The shoe leather soup is gone, so Maddie and Aiden will starve to death soon, just as their family did on the Kansas prairie in 1865. But over the hill rides Jefferson J. Jackson, recruiting workers for the lumber camps in Washington.
He allows the teens to join the wagon train going west, warning them that “any way you can think up to die is out there waiting” on the trail. Aiden agrees that his first two years’ wages will go to Jackson in payment for their travel, and they head west, away from the graves on the hillside, away from the dried-up homestead.
Jackson is all too correct, and dangers face the travelers day and night – rampaging rivers to cross, wolves stalking them, Native Americans who might attack, and diseases with no cures.
Aiden works with his bow and arrow, bringing in deer and rabbits for his sister Maddie to cook. He meets friendly Indians who cross their trail from time to time, teaching him bareback horse riding and improving his hunting skills.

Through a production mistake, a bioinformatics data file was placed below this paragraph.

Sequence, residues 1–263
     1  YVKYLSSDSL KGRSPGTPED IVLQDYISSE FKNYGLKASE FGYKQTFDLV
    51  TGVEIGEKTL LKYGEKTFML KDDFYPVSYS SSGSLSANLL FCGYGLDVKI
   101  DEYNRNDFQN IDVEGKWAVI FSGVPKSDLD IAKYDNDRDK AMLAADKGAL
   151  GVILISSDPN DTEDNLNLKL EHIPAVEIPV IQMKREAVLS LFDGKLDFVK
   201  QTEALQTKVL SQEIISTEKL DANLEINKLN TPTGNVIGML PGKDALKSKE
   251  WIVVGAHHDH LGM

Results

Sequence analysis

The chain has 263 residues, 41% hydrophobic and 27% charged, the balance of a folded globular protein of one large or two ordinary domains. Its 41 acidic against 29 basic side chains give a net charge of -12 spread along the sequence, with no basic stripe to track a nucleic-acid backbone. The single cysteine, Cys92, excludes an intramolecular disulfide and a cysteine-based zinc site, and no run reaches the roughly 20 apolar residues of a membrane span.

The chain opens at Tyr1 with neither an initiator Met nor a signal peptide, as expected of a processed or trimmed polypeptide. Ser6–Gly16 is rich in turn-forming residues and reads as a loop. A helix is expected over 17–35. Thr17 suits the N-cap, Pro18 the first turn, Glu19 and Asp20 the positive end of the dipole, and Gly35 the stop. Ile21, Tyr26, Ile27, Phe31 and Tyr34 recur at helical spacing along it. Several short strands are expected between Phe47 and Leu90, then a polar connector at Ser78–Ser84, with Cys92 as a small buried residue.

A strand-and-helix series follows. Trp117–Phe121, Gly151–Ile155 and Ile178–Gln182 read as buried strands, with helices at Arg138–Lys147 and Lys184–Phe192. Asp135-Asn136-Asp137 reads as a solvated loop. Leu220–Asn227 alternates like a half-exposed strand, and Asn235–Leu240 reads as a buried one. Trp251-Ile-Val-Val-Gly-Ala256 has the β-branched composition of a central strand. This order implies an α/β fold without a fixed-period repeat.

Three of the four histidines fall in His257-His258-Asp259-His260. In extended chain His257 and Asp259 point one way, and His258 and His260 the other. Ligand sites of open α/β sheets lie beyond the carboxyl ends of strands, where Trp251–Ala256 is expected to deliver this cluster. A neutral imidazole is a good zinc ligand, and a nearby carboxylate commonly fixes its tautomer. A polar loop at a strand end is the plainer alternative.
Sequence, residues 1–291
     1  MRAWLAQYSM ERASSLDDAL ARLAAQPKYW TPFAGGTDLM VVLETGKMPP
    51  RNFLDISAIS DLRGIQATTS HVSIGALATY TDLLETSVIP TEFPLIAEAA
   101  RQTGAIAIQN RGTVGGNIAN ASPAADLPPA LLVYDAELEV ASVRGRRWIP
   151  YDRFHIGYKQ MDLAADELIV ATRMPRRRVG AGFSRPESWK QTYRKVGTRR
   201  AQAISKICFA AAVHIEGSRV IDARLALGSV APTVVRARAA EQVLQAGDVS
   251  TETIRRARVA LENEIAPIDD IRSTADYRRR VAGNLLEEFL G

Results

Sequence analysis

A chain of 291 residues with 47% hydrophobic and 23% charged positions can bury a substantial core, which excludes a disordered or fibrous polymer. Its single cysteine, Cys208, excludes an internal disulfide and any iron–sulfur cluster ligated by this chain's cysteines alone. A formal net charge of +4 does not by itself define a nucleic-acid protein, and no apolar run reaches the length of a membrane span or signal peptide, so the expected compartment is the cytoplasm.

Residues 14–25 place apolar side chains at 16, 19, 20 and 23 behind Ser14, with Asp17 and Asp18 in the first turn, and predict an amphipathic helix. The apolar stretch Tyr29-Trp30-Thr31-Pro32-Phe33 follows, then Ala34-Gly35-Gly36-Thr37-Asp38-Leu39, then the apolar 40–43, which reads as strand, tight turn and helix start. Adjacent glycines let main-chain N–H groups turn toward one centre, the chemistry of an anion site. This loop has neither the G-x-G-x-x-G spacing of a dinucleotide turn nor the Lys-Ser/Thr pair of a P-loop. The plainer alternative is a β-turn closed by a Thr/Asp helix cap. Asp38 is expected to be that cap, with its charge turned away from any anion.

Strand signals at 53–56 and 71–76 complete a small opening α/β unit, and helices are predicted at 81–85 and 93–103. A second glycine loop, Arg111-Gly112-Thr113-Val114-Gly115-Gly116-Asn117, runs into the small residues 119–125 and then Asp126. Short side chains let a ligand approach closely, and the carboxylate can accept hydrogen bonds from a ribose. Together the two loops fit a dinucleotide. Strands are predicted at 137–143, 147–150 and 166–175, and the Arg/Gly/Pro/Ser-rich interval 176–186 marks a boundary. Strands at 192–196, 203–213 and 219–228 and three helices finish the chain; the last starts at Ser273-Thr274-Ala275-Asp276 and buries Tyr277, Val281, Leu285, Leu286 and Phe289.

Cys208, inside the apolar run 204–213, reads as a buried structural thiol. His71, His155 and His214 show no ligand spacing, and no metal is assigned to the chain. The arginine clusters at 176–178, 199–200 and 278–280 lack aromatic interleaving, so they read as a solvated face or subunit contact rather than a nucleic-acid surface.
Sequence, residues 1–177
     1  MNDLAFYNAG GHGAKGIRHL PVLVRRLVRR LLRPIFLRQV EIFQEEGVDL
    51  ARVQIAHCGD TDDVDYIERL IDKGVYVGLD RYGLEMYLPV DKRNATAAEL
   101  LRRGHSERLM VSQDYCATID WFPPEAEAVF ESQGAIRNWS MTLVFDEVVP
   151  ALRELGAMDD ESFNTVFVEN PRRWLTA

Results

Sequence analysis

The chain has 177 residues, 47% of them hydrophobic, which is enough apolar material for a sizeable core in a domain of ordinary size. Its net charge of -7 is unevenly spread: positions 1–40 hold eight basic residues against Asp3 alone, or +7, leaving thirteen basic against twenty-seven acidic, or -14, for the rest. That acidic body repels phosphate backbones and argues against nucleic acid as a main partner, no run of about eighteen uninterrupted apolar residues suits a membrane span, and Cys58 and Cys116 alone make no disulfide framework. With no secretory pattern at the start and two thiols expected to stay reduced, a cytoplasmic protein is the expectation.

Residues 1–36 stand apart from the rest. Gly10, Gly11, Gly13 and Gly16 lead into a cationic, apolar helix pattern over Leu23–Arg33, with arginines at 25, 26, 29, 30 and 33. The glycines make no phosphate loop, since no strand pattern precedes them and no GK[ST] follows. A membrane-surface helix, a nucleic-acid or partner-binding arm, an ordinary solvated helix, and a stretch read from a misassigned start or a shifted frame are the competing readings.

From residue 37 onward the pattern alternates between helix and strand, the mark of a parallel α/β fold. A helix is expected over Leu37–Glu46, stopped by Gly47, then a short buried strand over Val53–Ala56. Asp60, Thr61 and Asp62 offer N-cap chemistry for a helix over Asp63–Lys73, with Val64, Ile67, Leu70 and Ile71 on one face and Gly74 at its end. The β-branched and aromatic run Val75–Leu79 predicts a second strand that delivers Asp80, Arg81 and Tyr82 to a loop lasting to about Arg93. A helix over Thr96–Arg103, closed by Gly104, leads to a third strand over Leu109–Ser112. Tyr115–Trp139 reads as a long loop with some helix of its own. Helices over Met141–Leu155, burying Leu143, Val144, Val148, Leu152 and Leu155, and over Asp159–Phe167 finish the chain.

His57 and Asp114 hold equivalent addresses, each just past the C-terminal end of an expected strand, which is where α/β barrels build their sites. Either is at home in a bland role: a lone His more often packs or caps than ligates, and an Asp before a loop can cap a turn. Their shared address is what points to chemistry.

But soon smallpox, “the Devil’s Paint”, appears at a nearby fort, and the deadly disease threatens them all. The wagon train’s doctor soon runs out of medicines, the Indians blame government-issued blankets for the epidemic, and survival is now a gamble for everyone.
Will Aiden make it to the lumber camp? How will a scrawny, malnourished 15 year-old keep up with strong men and dangerous work? Smallpox is just the first challenge that he must face as he tries to live long enough to grow up. 365 pages
Recommended by: Katy Manck, Librarian-at-Large (retired academic/corporate/school librarian), Gilmer, Texas, USA